What is the secret ingredient in a horror movie that frightens rational, educated grown-ups and causes them to have nightmares? Whatever “it” is, countless so-called horror movies have failed spectacularly over the years, especially during the last two decades. But fortunately for horror fans, Jordan Peele, the director of the Academy Award-nominated movie “Get Out,” has supplied what many horror fans have wanted for a long time.
In modern times, there are virtually no taboos in the movies provided by the motion picture factory called Hollywood. Nearly everything is allowed. It might be controversial, it might be criticized, but everything is possible. And this is how it should be. It gives directors freedom in their creativity and expression: whether it is about weird sex scenes, as seen in “The Shape of Water” (a mature woman screws an alien-/ fish-like sea creature); and “Harold and Kumar” (Kumar´s threesome fantasy with his ex-girlfriend and his oversized bag of weed); or limitless, violent torture scenes, as seen in “James Bond – Casino Royal” (Double O Seven gets hit with a rope in a sensitive area so hard, that he almost loses his “double O´s”); or literally every movie featuring Mel Gibson that was ever made. The downside of the large amount of films without any taboos is that audiences got used to it; and what once was thrilling, suddenly has become ordinary. That forces directors nowadays to come up with even weirder and more extraordinary ideas to supplant already existing ones. Daft Punk says it best: Harder, Better, Faster, Stronger. It demonstrates courage to take a step back, swim against the stream, and work with minimalist techniques to attract the audience’s attention. And that is exactly what Jordan Peele does brilliantly with his psychological horror/ thriller movie “Get Out.”
Chris, performed by Daniel Kaluuya (known from the Netflix show “Black Mirror-Fifteen Million Merits”), is an African-American photographer who is going to meet his potential parents-in-law for the first time. His white girlfriend, Rose Armitage, plans to introduce him to her parents during a weekend visit on her family’s property outside of the city, in an isolated, rural area. Chris is nervous about the meeting and addresses the elephant in the room by asking Rose: “Do they know I’m black?” Although an “interracial” relationship should be a normal, common occurrence in the 21st century, the movie wastes no time in criticizing the fact that it is still an issue for some people. Although Rose assures Chris that her parents are not racist (her father would vote for Obama a third time, if possible), the tension stays. The suspicion that racism could be a leitmotif in the movie gets strengthened by a clichéd, country bumpkin traffic cop who treats black people unfairly. The central theme of racism gets definitively confirmed when Chris discovers that the Armitages, who represent the stereotype of a wealthy white family, employ two black servants. He also learns very quickly that everybody on the property acts in a strange manner, including the servants. During the course of the story, Chris and the viewer learn bit by bit about a terrible secret of the Armitages…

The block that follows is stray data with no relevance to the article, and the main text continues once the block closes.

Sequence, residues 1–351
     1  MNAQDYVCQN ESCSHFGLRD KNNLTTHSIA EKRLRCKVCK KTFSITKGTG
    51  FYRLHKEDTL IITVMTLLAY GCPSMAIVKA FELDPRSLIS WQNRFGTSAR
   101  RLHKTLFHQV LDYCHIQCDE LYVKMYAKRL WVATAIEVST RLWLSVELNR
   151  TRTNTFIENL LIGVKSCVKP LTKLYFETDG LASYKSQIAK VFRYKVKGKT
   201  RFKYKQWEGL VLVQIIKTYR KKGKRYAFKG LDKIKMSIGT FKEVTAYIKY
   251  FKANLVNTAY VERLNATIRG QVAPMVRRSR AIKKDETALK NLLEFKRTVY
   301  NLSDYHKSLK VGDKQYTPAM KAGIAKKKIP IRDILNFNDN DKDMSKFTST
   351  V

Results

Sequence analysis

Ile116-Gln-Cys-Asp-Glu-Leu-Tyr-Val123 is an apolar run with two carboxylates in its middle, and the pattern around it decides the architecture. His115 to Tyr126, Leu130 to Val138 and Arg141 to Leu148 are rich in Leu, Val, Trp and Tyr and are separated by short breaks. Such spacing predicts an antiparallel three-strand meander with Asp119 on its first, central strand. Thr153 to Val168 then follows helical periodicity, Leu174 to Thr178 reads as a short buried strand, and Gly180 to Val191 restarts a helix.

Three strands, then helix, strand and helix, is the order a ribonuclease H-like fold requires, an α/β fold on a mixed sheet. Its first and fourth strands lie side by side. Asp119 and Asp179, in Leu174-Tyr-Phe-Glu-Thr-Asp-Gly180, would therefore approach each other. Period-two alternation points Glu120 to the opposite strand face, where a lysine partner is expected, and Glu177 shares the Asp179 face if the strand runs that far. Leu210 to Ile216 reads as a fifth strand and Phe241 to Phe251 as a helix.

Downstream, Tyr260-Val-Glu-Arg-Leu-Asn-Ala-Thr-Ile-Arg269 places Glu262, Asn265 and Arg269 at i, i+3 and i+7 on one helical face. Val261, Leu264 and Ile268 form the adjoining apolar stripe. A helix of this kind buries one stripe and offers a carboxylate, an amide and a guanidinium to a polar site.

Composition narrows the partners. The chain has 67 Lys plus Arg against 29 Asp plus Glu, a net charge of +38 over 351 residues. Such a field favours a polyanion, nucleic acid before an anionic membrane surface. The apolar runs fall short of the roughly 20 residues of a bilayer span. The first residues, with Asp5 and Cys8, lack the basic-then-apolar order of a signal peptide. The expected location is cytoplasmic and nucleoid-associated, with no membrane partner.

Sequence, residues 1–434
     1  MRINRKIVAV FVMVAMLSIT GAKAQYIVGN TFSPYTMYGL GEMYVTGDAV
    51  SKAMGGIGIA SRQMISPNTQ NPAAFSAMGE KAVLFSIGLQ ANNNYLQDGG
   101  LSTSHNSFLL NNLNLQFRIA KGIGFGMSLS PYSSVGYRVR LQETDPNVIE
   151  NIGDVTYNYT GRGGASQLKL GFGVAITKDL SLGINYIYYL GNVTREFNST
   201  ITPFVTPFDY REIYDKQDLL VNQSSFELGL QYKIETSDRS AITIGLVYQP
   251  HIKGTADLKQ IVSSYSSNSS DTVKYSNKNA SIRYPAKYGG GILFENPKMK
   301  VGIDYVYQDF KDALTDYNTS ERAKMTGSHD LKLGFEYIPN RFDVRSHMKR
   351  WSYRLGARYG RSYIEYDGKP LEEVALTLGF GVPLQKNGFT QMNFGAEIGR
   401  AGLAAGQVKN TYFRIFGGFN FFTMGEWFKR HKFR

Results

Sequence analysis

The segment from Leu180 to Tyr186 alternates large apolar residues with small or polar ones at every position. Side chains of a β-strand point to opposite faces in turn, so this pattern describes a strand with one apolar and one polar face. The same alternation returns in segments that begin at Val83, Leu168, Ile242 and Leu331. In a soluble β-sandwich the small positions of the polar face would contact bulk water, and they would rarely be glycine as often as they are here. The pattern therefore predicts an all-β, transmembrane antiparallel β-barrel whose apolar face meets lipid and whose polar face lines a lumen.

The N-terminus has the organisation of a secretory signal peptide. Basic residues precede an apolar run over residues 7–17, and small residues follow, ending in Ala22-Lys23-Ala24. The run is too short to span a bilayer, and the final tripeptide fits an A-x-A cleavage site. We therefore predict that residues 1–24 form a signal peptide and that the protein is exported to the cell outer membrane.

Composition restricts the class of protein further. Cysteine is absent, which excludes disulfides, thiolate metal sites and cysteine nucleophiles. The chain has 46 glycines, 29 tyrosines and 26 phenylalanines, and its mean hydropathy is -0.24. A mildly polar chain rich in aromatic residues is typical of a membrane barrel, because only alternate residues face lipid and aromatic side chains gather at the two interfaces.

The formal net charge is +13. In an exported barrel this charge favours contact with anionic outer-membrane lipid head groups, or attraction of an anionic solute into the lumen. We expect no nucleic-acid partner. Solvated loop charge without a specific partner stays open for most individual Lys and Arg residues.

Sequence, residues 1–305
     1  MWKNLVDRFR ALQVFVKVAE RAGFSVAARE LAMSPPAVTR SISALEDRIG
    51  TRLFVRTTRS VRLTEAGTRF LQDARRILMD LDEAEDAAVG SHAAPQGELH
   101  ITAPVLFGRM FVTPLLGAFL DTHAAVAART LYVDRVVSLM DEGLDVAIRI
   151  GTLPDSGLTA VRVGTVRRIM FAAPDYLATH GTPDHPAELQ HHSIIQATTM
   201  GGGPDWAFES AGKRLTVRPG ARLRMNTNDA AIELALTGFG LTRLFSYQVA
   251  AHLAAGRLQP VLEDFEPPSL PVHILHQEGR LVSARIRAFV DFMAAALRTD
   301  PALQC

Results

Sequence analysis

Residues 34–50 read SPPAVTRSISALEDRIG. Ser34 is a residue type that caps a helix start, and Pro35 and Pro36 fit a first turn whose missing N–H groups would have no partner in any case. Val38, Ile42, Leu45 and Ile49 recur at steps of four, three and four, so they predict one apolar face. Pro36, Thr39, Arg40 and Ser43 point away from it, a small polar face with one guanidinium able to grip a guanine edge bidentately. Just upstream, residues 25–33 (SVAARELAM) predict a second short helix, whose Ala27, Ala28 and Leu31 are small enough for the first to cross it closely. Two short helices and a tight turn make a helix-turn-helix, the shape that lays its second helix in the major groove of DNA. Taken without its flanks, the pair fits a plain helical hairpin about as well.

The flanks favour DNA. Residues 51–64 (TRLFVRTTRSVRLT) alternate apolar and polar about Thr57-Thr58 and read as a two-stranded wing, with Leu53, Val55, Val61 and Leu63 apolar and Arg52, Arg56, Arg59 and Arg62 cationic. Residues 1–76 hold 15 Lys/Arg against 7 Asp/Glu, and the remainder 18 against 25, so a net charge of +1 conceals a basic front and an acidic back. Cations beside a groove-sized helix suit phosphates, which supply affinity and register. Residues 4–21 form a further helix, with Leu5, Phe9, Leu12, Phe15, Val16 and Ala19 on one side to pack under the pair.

As I mentioned, the stylistic elements Jordan Peele operates with are outstanding, so that “Get Out” rises above all of the mediocre horror movies. Maybe the best way to explain it is to use a metaphor: Think back to your childhood, when you got into mischief again. What frightened you more? When your parents screamed at you and told you how much trouble you were in? Or maybe the silent treatment, when you knew that something was wrong, and you did not receive the punishment that you anticipated? For me, it was the silence that drove me crazy, because it discomforted me, and I could not tell what would happen next. The same phenomenon can be observed in “Get Out.” The silent moments creep you out the most, and make you literally stop breathing until somebody or something breaks the silence. Many other horror movies with all their sound effects and tons of blood cannot keep up with the oppressive atmosphere that Peele creates in “Get Out”.
Although the movie has only an outside chance of wining the Oscar, I believe it deserves to win because of its revolutionary horror techniques, that makes the movie truly terrifying. We will all be wiser after the event, on March, the fourth, but I still recommend “Get Out,” whether it wins or not.